IDOMENI (Greece) • Hundreds of Greek police officers have begun clearing the overcrowded Idomeni camp, a migrant flashpoint on the Macedonia border where thousands have been living in squalid conditions for more than three months.
The camp packed with desperate refugees and migrants has become a potent symbol of the human suffering and chaos as Europe struggles to cope with its worst migrant crisis since World War II.
More than 800 people were put on buses to newly opened camps in the vicinity of Greece's second-largest city Thessaloniki, about 80km to the south, in an operation that began shortly after sunrise yesterday, police said.
The authorities said priority would be given to unaccompanied minors and single-parent families. Many in the camp are fleeing war, persecution and poverty in the Middle East and Asia.
A helicopter hovered overhead as the operation got under way, with police sources saying at least 700 officers were involved in the evacuation which aims to clear the camp and gradually take the people to reception centres and camps dotted around the country.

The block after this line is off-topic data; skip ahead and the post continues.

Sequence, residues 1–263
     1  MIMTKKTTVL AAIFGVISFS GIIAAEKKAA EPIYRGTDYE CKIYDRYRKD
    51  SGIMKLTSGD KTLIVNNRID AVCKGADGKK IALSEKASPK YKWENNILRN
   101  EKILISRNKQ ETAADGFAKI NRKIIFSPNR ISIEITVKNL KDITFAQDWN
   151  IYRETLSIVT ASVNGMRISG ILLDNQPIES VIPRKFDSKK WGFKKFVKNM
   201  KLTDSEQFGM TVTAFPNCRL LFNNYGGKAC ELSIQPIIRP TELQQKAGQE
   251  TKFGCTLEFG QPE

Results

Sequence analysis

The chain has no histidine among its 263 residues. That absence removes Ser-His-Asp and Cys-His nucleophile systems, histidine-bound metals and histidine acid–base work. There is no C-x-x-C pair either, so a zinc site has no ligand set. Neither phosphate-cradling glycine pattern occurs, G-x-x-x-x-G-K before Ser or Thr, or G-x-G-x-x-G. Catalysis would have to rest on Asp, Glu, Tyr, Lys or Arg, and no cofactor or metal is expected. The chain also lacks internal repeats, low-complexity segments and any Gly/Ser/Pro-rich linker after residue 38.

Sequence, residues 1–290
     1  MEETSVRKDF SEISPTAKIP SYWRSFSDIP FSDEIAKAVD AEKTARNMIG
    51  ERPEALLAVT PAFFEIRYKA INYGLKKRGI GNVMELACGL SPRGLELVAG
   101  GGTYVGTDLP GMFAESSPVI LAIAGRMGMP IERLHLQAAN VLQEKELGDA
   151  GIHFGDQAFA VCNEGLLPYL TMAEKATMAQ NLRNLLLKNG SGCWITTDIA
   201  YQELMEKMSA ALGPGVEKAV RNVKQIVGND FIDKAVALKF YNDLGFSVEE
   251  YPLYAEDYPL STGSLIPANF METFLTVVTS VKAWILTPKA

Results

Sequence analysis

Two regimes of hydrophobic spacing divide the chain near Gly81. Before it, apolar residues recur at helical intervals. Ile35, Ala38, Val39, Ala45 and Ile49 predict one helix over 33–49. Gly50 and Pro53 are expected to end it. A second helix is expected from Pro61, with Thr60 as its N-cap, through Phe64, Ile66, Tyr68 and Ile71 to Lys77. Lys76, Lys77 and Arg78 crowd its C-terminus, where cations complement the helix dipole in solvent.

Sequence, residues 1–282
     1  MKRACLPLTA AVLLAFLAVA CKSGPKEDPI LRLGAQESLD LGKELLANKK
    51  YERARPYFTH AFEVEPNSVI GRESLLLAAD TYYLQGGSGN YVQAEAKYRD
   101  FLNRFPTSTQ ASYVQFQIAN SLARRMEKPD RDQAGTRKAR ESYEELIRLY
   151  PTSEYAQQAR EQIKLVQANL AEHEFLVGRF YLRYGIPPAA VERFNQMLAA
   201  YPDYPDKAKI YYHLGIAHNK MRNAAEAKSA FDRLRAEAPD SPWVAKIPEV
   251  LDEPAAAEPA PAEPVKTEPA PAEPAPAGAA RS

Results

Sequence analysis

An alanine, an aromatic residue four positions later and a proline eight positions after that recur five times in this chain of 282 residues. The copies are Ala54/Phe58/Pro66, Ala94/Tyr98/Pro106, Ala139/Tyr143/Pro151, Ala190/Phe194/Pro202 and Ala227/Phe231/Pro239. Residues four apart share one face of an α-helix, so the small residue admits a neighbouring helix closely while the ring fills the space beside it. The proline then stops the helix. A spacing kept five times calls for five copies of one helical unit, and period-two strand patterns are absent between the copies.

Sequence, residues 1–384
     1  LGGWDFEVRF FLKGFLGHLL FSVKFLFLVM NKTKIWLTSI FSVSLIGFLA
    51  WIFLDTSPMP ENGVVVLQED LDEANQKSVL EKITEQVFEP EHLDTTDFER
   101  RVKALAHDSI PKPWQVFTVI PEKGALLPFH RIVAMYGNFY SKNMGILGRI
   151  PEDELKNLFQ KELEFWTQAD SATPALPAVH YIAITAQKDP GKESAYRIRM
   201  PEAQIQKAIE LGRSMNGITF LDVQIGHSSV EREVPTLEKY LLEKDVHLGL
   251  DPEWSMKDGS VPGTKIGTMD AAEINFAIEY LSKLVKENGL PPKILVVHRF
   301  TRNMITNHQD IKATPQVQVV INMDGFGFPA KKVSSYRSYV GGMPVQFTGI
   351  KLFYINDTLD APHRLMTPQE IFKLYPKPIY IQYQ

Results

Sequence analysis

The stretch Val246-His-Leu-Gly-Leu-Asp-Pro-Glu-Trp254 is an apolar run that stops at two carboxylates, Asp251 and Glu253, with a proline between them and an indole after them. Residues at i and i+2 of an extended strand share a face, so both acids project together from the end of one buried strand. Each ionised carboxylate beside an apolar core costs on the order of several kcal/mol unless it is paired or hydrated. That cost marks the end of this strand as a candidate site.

Their transfer comes after a brutal winter of freezing rain and mud which saw many people trying to force their way across the border, sometimes resulting in violent encounters with the Macedonian police.
Officials said yesterday's operation was proceeding smoothly in the flashpoint camp.
"There has not been any need to use force," Mr Yiorgos Kyritsis, the government's migration spokesman, said. He had said on Monday that the operation to clear all 8,400 people living there would take at least 10 days.
At its peak, there were more than 12,000 people crammed into Idomeni, a camp originally opened by aid groups last year to accommodate just 2,500 people in what was, at the time, a short procedure to cross the border.
But the camp exploded in size after Balkan states began closing their borders in mid-February to stem the human tide seeking passage to northern Europe.
Many of the camp's residents are women and children keen to be reunited with male relatives who have pushed ahead on their own - with the aid of smugglers - hoping to find a place of refuge in EU states more financially viable than debt-hit Greece.
There are more than 54,000 migrants stranded in Greece, according to government estimates.